6) Facilitating groups of people to get together to share ideas and create.

7) Stimulating the imagination and supporting groups of people to make progress on creating  an environmentally sound and socially just society.

8) Exhibiting a quality and care of construction that inspires others to support, promote  similar projects, and adapt and reuse your designs in future work.

GapFiller 10m2 SHAC

  

The Gap Filler temporary office
In December 2011, a team of young people got together with a vision to build an office for Gap Filler using materials saved from demolition sites around Christchurch. The team developed the design over the summer and with many talented volunteers built the office in a week in January!

The design and build was organised by SHAC in association with the Regeneration and White Elephant charitable trusts. Many skilled and unskilled volunteers helped out – builders, architects, engineers, young people and the occasional passer-by.

All of the building materials are reused, with the exception of building paper, insulation, chicken wire, fixings, clear plastic cladding and 4 sheets of thin treated plywood.

The office has an internal floor area of less than 10 square meters. Our talented designers and builders believe that the office complies with the building code, and is warm, stable, resistant to moisture, durable, and supports fire safety.

This office is experimenting with new building techniques. The east and southern wall structure are made from reused shipping pallets, a technology developed by Mark Fielding of Solabode Ltd in Nelson. The southern wall is clad with reused printing plates kindly donated by the Christchurch Press.

This tiny office will stay here for approximately 3 – 6 months. Power will come initially from neighbours and then, from solar power. Wireless internet access will come from a kind neighbour. Once we leave this site, the office will be relocated on a truck to another vacant site in Christchurch. The internal floor area is less than 10m2 and did not require a building consent.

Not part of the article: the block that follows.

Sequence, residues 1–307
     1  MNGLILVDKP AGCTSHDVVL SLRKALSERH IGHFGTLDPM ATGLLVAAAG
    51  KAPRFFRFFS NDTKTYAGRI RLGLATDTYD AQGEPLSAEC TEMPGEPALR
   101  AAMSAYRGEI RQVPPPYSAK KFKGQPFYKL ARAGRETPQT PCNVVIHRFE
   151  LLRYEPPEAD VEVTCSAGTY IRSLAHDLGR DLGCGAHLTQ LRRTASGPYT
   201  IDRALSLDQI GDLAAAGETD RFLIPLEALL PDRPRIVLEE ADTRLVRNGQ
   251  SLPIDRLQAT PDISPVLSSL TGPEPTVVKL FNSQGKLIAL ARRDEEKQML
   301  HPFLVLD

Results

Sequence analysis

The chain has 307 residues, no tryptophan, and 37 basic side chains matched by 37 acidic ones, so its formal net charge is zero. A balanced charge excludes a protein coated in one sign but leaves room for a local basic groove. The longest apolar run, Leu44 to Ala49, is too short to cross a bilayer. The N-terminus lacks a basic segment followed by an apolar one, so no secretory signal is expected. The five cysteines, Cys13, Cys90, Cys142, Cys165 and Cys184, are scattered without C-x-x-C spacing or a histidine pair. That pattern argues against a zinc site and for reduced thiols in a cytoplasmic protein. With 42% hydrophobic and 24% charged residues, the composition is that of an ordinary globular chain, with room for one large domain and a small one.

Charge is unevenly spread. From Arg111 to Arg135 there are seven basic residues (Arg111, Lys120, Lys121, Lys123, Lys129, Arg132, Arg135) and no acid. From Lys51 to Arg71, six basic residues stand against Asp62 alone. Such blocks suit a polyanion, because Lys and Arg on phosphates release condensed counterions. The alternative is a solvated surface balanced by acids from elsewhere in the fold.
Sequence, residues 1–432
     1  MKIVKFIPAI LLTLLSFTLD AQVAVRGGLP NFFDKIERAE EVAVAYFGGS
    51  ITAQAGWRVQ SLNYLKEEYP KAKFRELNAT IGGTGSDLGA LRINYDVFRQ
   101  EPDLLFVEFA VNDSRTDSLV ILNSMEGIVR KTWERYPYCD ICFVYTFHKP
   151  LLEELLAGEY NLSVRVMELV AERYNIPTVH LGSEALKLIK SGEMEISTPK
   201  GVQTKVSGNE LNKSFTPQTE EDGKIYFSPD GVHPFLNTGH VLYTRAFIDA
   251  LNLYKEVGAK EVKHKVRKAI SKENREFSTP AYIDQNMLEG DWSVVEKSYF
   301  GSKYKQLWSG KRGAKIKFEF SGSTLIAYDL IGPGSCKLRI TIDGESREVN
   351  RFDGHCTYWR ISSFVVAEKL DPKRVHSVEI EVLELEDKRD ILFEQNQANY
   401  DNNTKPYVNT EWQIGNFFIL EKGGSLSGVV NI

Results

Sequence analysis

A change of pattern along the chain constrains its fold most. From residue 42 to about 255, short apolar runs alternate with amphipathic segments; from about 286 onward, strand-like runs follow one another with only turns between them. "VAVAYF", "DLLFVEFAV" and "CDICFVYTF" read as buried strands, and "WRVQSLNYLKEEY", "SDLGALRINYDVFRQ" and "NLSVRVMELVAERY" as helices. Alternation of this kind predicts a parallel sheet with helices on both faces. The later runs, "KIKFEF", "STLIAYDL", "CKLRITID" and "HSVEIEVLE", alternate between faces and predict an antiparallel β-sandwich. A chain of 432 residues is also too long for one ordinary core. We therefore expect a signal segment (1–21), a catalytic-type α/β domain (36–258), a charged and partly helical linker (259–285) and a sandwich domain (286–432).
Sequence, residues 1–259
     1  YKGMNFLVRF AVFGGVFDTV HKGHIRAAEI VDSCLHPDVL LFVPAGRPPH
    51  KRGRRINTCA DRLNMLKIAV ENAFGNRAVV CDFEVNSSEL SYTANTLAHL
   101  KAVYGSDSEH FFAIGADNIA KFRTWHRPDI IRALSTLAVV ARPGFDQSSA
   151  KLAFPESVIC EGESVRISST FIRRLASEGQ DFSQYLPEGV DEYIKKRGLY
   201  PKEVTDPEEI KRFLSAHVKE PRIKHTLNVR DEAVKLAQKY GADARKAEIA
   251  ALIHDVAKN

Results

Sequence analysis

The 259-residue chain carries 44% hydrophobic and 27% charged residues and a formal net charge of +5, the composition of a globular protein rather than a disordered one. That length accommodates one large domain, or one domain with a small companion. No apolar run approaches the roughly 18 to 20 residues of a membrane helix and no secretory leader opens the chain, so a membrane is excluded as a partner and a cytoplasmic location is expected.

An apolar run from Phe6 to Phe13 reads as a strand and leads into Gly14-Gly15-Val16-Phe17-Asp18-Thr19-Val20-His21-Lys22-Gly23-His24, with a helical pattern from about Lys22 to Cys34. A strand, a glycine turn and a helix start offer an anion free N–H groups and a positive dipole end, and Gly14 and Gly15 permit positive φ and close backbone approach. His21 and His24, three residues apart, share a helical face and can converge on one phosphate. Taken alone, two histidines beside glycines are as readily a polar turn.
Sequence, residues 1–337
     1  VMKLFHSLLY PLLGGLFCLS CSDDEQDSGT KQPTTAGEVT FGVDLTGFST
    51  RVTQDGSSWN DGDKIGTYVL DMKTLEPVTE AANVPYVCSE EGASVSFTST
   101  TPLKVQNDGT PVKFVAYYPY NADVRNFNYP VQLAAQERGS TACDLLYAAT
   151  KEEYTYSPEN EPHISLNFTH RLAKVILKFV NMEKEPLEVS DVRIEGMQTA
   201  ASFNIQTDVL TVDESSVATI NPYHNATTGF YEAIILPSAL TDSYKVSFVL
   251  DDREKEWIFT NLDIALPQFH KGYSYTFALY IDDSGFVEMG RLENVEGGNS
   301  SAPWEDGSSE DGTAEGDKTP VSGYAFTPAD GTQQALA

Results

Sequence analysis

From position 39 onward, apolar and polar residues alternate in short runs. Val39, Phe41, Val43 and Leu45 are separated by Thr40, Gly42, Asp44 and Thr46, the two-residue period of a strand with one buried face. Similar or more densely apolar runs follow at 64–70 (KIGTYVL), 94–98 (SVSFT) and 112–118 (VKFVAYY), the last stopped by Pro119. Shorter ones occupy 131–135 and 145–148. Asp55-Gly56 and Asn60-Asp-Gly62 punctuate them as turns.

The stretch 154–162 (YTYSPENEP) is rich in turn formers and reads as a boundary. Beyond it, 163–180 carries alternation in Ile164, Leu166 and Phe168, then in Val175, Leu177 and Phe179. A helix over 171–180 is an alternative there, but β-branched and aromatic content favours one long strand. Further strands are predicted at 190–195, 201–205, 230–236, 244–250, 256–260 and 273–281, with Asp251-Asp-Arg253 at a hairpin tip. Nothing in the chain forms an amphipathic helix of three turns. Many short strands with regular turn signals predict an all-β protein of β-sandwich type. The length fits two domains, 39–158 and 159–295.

We are using this land with the generous support of Ascot TV, who lost their building on this site in the earthquakes. They are now located at 300 Colombo Street, up the road.

What’s SHAC?
The Sustainable Habitat Challenge is a network of people designing and building more sustainable buildings and neighbourhoods. SHAC projects are educational in nature, teaching those involved new skills. The buildings they create are designed with non-profit group or charity in mind; in this case, Gap Filler. Gap Filler has been gifted this movable building which will be used as an office..

SHAC – affordable, delightful housing, micro architecture, simple building, and more… SHAC is about living well with less reliance on resources, and finding our purpose. See shac.org.nz for more info.

What’s Gap Filler?
Gap Filler is a creative urban regeneration initiative started in response to the September 4, 2010 Canterbury earthquake, and revised and expanded in light of the more destructive February 22, 2011 quake. It is now administered by the Gap Filler Charitable Trust. See gapfiller.org.nz for more info.

Gap Filler aims to temporarily activate vacant sites created by the quakes within Christchurch with creative projects for community benefit, to make for a more interesting, dynamic and vibrant city. Gap Filler has done a number of projects to date around Christchurch such as a book exchange, painted pianos, a community space and petanque pitch in Lyttelton, and outdoor events such as cinema and live music. Two projects have been completed in Sydenham recently, too – the outdoor chess set next to Honey Pot Café and Wayne Youle’s shadow board mural (working with Christchurch Art Gallery).

THANK YOU to: the landowners – ASCOT TV (especially Chris), Graham at ECO Framing, Barry Dowrick, CPIT and the Otago Polytechnic for the loan of many tools and Mark Fielding of Solabode Ltd in Nelson for the 5 prefab pallet walls and The Christchurch Press for the metal printing plates.

we thank you!

tim, clayton, barnaby, barry, lani, florian, ben, emma, ella, alice, amber, rachel, regan, felicity, alan, nick, seth, naomi, jules, the Australian group of young volunteers, ants, ann, nev, bob, dave, tarn, barry, darcy, Andrew, kyle, nastassja, Shayne, and kerry

Southern Demolition, Terra Lana Insulation, The Pumphouse [See Photo below], The Window Marketplace, Addington Demolition, Christchurch Demolition and Salvage, Clyne and Benny, Skelly Holdings, Dulux, Steel and Tube, White Elephant Trust and F3 Design, Solabode Ltd, Firth, and PSP